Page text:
Yeah, the orchestra sounded a little muddled when playing at high volume, but I could've just been imagining that.  The piano concerto in the first half was beautifully played by the soloist, though I'd only heard the work in performance once before.  He played an encore with the requisite pyrotechnics you'd expect.  And the orchestra also played an encore after the Dvorak...probably one of his Slavonic Dances, I'm not sure.

A wonderful surprise at this show was the attendance of Japan's Emperor Akihito and Empress Michiko.  They received tremendous applause while walking in just before the start of the concert and sat in the mezzanine in the center of the first row.  I was 10 or 11 rows behind them way towards the rear of the theater.  It's nice that Suntory Hall's layout is such that not even my seat was very far from the stage.  Anyway, after the pianist's encore, the Emperor and Empress received another long ovation as they slowly exited the theater making friendly waves to the audience along the way.  I was as close as maybe 15' away from them as they got to the walkway, and I regret not taking a photo of them, though it technically wouldn't have been allowed.  It's unfortunate they didn't stick around for the second half of the show as the Dvorak was by far the most popular piece on the program.

Suntory Hall is terrific, and I highly recommend seeing a concert there.  Ticket prices are similar to what they cost in the US.

Mount Fuji on the way back from Kyoto to Tokyo.  It looks like you're riding on the back of a giant bald eagle.

View from inside Shinkansen Nozomi bullet train.  Very clean and very fast, but not luxurious.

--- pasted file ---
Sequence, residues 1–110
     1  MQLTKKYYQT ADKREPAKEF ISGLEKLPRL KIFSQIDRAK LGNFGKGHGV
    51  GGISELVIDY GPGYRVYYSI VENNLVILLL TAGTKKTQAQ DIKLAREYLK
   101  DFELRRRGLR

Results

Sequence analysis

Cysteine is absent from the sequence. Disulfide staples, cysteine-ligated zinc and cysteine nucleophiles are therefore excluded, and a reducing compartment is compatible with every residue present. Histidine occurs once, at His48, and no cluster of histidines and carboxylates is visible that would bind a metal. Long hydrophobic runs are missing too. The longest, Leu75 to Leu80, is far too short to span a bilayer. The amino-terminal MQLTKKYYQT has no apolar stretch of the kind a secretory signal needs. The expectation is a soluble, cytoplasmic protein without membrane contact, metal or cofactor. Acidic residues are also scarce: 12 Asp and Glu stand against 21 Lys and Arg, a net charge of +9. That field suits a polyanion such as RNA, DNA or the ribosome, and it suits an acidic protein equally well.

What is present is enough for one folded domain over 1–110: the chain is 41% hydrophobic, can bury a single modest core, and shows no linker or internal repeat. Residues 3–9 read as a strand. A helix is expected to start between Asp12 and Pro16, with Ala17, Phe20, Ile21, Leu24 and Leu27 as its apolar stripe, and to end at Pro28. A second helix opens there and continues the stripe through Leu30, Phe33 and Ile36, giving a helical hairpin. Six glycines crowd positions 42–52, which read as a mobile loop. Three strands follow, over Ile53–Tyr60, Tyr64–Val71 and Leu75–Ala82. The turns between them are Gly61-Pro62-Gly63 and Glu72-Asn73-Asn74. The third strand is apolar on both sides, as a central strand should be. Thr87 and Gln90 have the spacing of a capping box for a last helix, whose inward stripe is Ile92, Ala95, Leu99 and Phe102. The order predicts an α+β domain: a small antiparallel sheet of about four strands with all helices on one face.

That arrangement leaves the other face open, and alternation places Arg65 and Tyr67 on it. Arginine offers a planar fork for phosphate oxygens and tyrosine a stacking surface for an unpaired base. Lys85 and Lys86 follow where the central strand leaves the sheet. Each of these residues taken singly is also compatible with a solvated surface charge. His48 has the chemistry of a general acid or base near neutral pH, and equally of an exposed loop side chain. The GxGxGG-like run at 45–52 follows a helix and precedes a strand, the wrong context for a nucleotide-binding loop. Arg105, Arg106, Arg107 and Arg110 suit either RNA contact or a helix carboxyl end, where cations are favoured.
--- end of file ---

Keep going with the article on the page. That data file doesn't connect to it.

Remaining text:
View of Tokyo Bay from new hotel room.

January 18, 2018

"Can I get two pounds of the tuna filet, please?"

I lucked out with what I think was a perfect way to end my stay in Japan: a tour of the Tsukiji Fish Market!  The tuna auction was really pretty exciting.  And you really do have to walk through the area very carefully with the other tourists because of workers zooming by you in cars, trucks, bikes, electric carts with zero turning radius, dollies, you name it.  And it's also dark out that early for much of the year.

I saw some buyers taking away their purchases immediately, while others were getting their fish cut by band saw right then and there.  I find it amazing here on the other side of the world that some of this tuna is being purchased and flown to NYC regularly.  Similarly, if you're a tuna fan living in Tokyo, I guess it's quite a nice advantage you've got knowing much of the sushi you're consuming at high-end restaurants in the area comes from here, almost steps away.

The market will be moving in the near future to a bigger location in the Toyosu area; it's a little more inconvenient than the current location, so I definitely recommend visiting Tsukiji Market if you're in town before it moves.

I rode the monorail to Toyosu because it was a sunny morning out and wanted to see the area.  Tokyo is so large, it's got  two huge Ferris wheels just in this area.  Hey, maybe kids love them.

And now I have to head to Narita International for my early afternoon flight.  Auf wiedersehen, Tokyo!  Thanks for the great times, and maybe I'll be back during the Summer Olympics in 2020!

Waiting room at the Tsukiji Fish Market at 4:30 AM.

Tuna for auction, I guess the cross-sections of the tails indicate the quality of meat in the rest of the body.

Map of the joint.

Auctioneers and sellers of the prized tuna.

Their rules and regulations.

Some of the finished product at one of the nearby markets.